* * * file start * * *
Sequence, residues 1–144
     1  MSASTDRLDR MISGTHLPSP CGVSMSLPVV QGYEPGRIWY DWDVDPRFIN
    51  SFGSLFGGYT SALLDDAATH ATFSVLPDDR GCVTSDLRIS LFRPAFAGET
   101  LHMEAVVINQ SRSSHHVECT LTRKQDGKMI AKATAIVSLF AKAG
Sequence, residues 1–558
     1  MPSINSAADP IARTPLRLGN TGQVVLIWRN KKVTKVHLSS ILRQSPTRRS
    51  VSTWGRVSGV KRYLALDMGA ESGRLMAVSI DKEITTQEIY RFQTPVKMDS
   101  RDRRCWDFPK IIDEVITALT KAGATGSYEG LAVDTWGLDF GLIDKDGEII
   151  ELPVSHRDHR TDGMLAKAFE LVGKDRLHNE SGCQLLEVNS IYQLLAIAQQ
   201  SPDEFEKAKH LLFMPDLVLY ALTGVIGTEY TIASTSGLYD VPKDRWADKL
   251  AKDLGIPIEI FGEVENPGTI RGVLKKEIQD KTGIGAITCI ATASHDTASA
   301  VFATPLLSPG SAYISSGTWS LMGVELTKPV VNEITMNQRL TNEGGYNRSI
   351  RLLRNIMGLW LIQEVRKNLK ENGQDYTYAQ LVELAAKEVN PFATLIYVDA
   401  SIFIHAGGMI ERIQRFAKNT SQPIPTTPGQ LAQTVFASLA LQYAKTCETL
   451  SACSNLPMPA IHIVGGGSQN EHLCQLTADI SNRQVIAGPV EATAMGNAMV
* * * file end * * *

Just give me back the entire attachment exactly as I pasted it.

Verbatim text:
Sequence, residues 1–144
     1  MSASTDRLDR MISGTHLPSP CGVSMSLPVV QGYEPGRIWY DWDVDPRFIN
    51  SFGSLFGGYT SALLDDAATH ATFSVLPDDR GCVTSDLRIS LFRPAFAGET
   101  LHMEAVVINQ SRSSHHVECT LTRKQDGKMI AKATAIVSLF AKAG
Sequence, residues 1–558
     1  MPSINSAADP IARTPLRLGN TGQVVLIWRN KKVTKVHLSS ILRQSPTRRS
    51  VSTWGRVSGV KRYLALDMGA ESGRLMAVSI DKEITTQEIY RFQTPVKMDS
   101  RDRRCWDFPK IIDEVITALT KAGATGSYEG LAVDTWGLDF GLIDKDGEII
   151  ELPVSHRDHR TDGMLAKAFE LVGKDRLHNE SGCQLLEVNS IYQLLAIAQQ
   201  SPDEFEKAKH LLFMPDLVLY ALTGVIGTEY TIASTSGLYD VPKDRWADKL
   251  AKDLGIPIEI FGEVENPGTI RGVLKKEIQD KTGIGAITCI ATASHDTASA
   301  VFATPLLSPG SAYISSGTWS LMGVELTKPV VNEITMNQRL TNEGGYNRSI
   351  RLLRNIMGLW LIQEVRKNLK ENGQDYTYAQ LVELAAKEVN PFATLIYVDA
   401  SIFIHAGGMI ERIQRFAKNT SQPIPTTPGQ LAQTVFASLA LQYAKTCETL
   451  SACSNLPMPA IHIVGGGSQN EHLCQLTADI SNRQVIAGPV EATAMGNAMV